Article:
NASA has released still images of a red sprite which Expedition 31 Astronauts aboard the International Space Station captured April 30, 2012:
"'Red sprites are short-lived, red flashes that occur about 80 kilometers (50 miles) up in the atmosphere. With long, vertical tendrils like a jellyfish, these electrical discharges can extend 20 to 30 kilometers up into the atmosphere and are connected to thunderstorms and lightning."
These images of a red sprite were captured with a digital camera by Expedition 31 astronauts on the International Space Station as they traveled southeast from central Myanmar (Burma) to just north of Malaysia. The still images are part of a time-lapse movie collected from 13:41 to 13:47 Universal Time on April 30, 2012. View the footage here.
The sprite occurs about 6 seconds into the video, above a bright, wide lightning flash in the upper right quadrant.
Red sprites are difficult to observe because they last for just a few milliseconds and occur above thunderstorms-meaning they are usually blocked from view on the ground by the very clouds that produce them. They send pulses of electrical energy up toward the edge of space-the electrically charged layer known as the ionosphere-instead of down to Earth's surface. They are rich with radio noise, and can sometimes occur in bunches.
For decades, pilots reported seeing ephemeral flashes above storms, but it was not until the 1990s that scientists were able to verify the existence of these electrical discharges. A sprite was first photographed by accident from an airplane in 1989, and observers on the space shuttle captured several more images with low-light cameras in 1990 and in subsequent missions. Viewers on the ground can occasionally photograph sprites by looking out on a thunderstorm in the distance, often looking out from high mountainsides over storms in lower plains."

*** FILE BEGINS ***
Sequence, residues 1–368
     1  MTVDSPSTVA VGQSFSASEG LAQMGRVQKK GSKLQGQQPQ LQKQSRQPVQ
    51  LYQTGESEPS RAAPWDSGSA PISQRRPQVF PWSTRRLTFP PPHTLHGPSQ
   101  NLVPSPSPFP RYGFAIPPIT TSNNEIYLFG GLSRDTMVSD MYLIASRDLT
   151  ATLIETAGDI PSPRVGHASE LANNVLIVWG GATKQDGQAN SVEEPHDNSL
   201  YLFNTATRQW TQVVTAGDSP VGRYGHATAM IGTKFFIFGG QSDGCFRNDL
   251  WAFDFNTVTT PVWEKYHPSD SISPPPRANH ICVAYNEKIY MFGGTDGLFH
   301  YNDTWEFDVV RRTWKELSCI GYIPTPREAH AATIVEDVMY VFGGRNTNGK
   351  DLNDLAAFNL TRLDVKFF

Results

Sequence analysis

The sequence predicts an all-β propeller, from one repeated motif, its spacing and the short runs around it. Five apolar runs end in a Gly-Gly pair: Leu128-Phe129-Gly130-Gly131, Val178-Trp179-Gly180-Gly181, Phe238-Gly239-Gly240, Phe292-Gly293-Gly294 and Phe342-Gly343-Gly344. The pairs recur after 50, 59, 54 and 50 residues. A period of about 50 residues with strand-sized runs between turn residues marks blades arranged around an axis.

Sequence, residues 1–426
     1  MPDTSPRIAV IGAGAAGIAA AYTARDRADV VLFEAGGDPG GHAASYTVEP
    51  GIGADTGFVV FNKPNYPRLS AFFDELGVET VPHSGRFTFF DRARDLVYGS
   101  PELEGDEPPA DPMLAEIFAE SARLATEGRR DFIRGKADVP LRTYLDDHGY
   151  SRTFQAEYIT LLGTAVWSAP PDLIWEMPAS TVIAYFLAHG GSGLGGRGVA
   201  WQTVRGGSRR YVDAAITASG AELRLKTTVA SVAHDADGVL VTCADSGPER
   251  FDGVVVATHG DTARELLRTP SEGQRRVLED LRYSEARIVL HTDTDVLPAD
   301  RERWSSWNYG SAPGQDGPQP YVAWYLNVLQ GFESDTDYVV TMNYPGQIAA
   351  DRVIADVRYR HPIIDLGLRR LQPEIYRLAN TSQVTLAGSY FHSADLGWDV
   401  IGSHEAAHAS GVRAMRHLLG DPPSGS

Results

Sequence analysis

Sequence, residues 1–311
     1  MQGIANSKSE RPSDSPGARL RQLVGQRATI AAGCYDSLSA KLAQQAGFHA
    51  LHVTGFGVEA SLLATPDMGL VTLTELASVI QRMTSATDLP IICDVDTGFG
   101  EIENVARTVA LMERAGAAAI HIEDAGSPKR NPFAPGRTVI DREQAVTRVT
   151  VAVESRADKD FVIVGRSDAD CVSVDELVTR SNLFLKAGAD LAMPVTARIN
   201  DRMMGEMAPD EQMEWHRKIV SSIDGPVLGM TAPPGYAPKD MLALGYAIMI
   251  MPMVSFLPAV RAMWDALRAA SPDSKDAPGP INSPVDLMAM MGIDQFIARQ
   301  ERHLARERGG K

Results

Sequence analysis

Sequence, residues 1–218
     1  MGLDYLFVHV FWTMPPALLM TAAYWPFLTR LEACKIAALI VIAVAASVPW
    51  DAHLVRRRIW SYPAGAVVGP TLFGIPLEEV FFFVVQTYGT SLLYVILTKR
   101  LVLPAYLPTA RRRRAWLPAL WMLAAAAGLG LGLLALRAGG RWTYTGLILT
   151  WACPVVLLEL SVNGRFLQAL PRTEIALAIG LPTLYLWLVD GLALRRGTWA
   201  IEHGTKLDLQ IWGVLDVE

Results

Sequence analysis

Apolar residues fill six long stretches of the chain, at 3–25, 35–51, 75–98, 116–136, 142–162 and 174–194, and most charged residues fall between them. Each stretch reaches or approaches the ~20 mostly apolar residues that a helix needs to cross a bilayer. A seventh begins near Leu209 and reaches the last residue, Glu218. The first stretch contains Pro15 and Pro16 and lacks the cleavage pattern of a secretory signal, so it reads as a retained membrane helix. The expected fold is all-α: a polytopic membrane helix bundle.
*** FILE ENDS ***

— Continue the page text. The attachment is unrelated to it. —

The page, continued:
Information and photo courtesy of NASA.
Severe thunderstorms with the risk of a few tornadoes will advance eastward across the northern Plains and Upper Midwest into Friday.
A dangerous outbreak of severe storms will strike the northern High Plains and Canadian Prairies on Wednesday.
Join us on Thursday for AccuWeather LIVE as we will discuss the debate of climate change and hurricane frequency and the top five things you need to know about summer weather.
A tornado touched down at Denver International Airport as a severe weather system moved through the area.
A brief synopsis of the top five worst weather events of last summer.
Warmth is forecast to build over much of the eastern half of the nation by July, with Alaska of all places helping out.
3-4" rains common across the state.
Custer Creek, MT (1938)
Cloudburst; 48 killed in a train wreck.
Amwell, NJ (1742)
A fatal hailstorm and severe thunderstorm containing hail 4" in diameter killed one child and did considerable damage to crops.